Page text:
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 I'm looking to roll out DISC profiles to my team and HR put the brakes on saying we would have to hire a trained facilitator to administer the DISC profiles. I'm going to go along with the HR department here but it seemed overly cautious - especially when my aim is to help directs be better in their understanding of themselves and their personal development.

(Note: I'm not using in a hiring situation, just with existing members. Any new members would given DISC post hire).

 

 

timrutter's picture

 Sounds like someone in HR needs a chill pill. I will assume you are based in the USA for context.

There is nothing illegal about it, just the way you use the information. We have used the awful Myers-Briggs for years

 Why are HR even getting involved in this?

timbarcz's picture

They caught wind of what I was doing and want to make sure it's administered by someone who is trained because someone could use this in a hiring decision down the road.

timrutter's picture

Get them to work a business case up on THEIR budget, approved by you and use the now spare cash from your budget to spend on other development opportunities!

 

 

leanne's picture

Inscape, the company MT uses to do profiles, does them online (no hiring necessary). Not only that, but they put out a book called 'I'm Stuck, You're Stuck', which contains a different version (it's phrases, and you rate the phrases and add the numbers for each type of phrase - I like the online version better).

Or, in other words, one of the major players in the whole thing believes there's no need for a 'trained facilitator' in order to get a DISC profile *or* to start making use of it. I don't remember anything specific saying 'and you should get a trained person in order to do X more advanced usage', either in this book or in the companion one, The 4-Dimensional Manager.

I don't think your HR really understands what DISC is about.

I wouldn't necessarily 'roll it out' - I assume by that you mean getting all of them their profiles, sharing everyone's with the rest of the team, and asking them to keep it in mind when dealing with each other - but there's no reason why you shouldn't use your own knowledge of it for your own personal effectiveness *and* to give feedback to people to improve their own effectiveness with each other. 'Hey Jane, when you raise your voice and wave your arms around vigorously, Jodi thinks you're angry and becomes afraid to talk to you', while thinking, 'because Jane, you're a high D and Jodi's a high S'.

There's several casts on how to identify people's profiles based on their behavior, you can use those to try to draw some conclusions. (It's not foolproof; I'm having trouble with some of the people I try to use it on...I think they've got a mixed style and that's why I'm having trouble figuring out what their style is.)

timbarcz's picture

My plan was to use with my directs and coach them individually on their results and how this impacts their daily work. For those ready for it - explain how this tool can be useful for managing people (as you elude to in your second to last paragraph).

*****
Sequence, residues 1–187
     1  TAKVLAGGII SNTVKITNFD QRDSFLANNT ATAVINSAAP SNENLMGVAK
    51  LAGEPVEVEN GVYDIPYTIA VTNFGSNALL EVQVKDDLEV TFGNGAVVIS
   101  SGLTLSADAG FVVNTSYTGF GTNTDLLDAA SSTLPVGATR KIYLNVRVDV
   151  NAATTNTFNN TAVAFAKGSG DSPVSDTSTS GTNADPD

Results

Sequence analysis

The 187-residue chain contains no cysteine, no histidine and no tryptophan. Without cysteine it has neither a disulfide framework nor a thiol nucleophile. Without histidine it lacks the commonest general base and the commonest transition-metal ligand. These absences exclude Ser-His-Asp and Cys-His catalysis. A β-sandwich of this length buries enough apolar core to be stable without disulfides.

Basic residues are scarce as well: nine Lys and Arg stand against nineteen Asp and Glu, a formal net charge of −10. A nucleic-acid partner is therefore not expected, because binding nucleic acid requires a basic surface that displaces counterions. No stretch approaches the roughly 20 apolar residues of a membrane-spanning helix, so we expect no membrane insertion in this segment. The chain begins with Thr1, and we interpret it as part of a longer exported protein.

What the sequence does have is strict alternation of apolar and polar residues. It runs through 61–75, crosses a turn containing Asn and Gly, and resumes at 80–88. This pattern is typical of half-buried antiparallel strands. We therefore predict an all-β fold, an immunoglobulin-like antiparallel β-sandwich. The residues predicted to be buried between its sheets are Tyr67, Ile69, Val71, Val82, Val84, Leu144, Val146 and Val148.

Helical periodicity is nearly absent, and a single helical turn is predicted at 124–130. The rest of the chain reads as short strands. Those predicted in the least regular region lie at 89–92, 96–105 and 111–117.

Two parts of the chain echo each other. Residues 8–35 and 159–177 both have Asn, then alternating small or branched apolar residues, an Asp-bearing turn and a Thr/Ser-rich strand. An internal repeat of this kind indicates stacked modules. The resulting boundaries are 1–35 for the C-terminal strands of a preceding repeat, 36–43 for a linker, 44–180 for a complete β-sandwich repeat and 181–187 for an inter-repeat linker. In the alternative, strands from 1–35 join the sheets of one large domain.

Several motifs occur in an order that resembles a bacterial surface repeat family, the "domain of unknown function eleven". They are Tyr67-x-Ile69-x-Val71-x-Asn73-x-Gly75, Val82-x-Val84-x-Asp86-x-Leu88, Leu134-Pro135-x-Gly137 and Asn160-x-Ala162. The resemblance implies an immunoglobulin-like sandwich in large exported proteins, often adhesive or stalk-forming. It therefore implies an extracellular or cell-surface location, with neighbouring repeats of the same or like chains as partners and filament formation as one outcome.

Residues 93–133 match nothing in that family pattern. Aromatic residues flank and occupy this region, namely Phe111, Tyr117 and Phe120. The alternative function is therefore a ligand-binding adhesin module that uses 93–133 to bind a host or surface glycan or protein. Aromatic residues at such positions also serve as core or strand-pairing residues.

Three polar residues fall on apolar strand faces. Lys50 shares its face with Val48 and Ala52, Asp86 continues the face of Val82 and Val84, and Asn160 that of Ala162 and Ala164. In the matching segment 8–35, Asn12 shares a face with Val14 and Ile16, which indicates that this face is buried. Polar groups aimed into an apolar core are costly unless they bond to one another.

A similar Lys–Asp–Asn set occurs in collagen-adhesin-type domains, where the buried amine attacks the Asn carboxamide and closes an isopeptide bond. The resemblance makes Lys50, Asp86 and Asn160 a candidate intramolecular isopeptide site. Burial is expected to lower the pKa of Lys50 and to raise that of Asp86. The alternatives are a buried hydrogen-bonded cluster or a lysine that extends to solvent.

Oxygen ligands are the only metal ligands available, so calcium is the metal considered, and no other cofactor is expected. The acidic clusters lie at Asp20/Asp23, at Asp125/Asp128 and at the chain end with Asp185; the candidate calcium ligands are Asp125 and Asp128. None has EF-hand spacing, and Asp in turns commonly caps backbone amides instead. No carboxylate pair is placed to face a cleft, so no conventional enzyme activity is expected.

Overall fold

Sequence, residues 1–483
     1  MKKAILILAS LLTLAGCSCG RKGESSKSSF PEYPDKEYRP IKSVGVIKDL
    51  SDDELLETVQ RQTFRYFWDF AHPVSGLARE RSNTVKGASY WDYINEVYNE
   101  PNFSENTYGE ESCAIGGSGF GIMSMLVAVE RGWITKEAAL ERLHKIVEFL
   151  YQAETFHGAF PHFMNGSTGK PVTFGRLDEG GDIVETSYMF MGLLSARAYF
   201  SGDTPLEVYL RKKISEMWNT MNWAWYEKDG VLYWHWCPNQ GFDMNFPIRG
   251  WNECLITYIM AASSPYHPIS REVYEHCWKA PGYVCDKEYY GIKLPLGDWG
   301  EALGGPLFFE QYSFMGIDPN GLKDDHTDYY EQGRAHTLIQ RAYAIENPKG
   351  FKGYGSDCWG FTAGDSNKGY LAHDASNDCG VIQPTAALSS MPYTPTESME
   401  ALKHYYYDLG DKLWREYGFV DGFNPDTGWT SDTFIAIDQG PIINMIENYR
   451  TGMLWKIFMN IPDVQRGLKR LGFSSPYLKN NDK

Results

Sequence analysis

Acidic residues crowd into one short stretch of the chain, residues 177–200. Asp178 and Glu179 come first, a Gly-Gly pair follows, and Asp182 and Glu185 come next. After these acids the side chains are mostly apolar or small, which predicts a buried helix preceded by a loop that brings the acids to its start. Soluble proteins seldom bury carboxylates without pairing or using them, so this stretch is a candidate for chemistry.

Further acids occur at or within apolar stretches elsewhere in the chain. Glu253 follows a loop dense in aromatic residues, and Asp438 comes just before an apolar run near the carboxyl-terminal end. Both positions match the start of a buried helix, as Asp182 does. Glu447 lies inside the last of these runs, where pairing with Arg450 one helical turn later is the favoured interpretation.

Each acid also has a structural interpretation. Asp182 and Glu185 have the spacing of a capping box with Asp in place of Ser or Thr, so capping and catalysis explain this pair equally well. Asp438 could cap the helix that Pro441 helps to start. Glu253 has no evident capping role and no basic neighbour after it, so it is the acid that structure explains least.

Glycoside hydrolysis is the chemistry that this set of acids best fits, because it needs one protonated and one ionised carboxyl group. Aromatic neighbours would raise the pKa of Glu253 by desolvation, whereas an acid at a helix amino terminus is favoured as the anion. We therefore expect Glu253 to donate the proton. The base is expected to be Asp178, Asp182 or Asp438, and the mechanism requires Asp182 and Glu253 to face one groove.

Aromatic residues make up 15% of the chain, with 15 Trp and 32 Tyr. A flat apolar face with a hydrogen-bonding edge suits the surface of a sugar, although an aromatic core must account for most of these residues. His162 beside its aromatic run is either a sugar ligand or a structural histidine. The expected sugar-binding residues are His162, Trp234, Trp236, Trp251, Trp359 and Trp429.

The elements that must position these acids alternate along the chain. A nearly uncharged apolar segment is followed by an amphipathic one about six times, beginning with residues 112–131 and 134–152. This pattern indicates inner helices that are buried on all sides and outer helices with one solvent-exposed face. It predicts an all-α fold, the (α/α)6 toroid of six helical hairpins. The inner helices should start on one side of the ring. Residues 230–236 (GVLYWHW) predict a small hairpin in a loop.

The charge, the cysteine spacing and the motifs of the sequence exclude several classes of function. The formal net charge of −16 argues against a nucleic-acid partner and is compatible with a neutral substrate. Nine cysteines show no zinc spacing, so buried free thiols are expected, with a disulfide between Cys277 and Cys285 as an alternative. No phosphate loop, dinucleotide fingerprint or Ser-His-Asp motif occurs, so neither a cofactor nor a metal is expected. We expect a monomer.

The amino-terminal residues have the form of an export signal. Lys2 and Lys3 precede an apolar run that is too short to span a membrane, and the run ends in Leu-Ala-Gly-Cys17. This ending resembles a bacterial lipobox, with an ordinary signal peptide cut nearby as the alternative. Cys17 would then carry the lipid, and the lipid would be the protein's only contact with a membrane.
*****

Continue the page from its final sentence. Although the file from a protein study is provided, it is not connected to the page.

it seems to me an "abundance of caution".

 

i hadn't even planned on sharing the results of everyone together, only if they unanimously agreed to share would we all share our profiles...

 

... On hold for now which as an extremely high D is hard to do

timbarcz's picture

My plan was to use with my directs and coach them individually on their results and how this impacts their daily work. For those ready for it - explain how this tool can be useful for managing people (as you elude to in your second to last paragraph).

it seems to me an "abundance of caution".

 

i hadn't even planned on sharing the results of everyone together, only if they unanimously agreed to share would we all share our profiles...

 

... On hold for now which as an extremely high D is hard to do

timbarcz's picture

My plan was to use with my directs and coach them individually on their results and how this impacts their daily work. For those ready for it - explain how this tool can be useful for managing people (as you elude to in your second to last paragraph).

it seems to me an "abundance of caution".

 

i hadn't even planned on sharing the results of everyone together, only if they unanimously agreed to share would we all share our profiles...

 

... On hold for now which as an extremely high D is hard to do

leanne's picture

I can think of a few possible ideas for going forward:

* Again, use if yourself; tune your feedback to what works for your staff, if nothing else, so you're not talking touchy-feely stuff with Cs and Ds and not talking mechanicistic, task-only stuff with Is and Ss.

* Set up a meeting with the HR director. Ask them to help you understand (NOT 'ask them to explain') their concerns and their need for a trained facilitator. If they say it's policy that you can't use 'personality-based testing' or something, ask them to show it to you - 'oh, I didn't know that, I'm sorry. Can you point me at it so I can read up on the policy myself?' If they tell you what their concerns are, without stating outright that it's a policy, ask them 'if I can alleviate your concerns, can I proceed?' I think Mark calls this pre-closing.

* Ask them what needs to be done about bringing in a trained facilitator and where that process is right now. (Just to make sure it doesn't stall out.)

* If they really do insist on having a trained facilitator... During one of the recent casts, Mark was talking about how he'd had to go for periodic training for Inscape, in order to keep the ability to sell the tests or something like that. And the ECC is *all* *about* DISC, as I understand it. And MT takes corporate clients. Depending on how the logistics and the budget could work out, it might be worth suggesting looking into that.

timbarcz's picture

Thanks leanne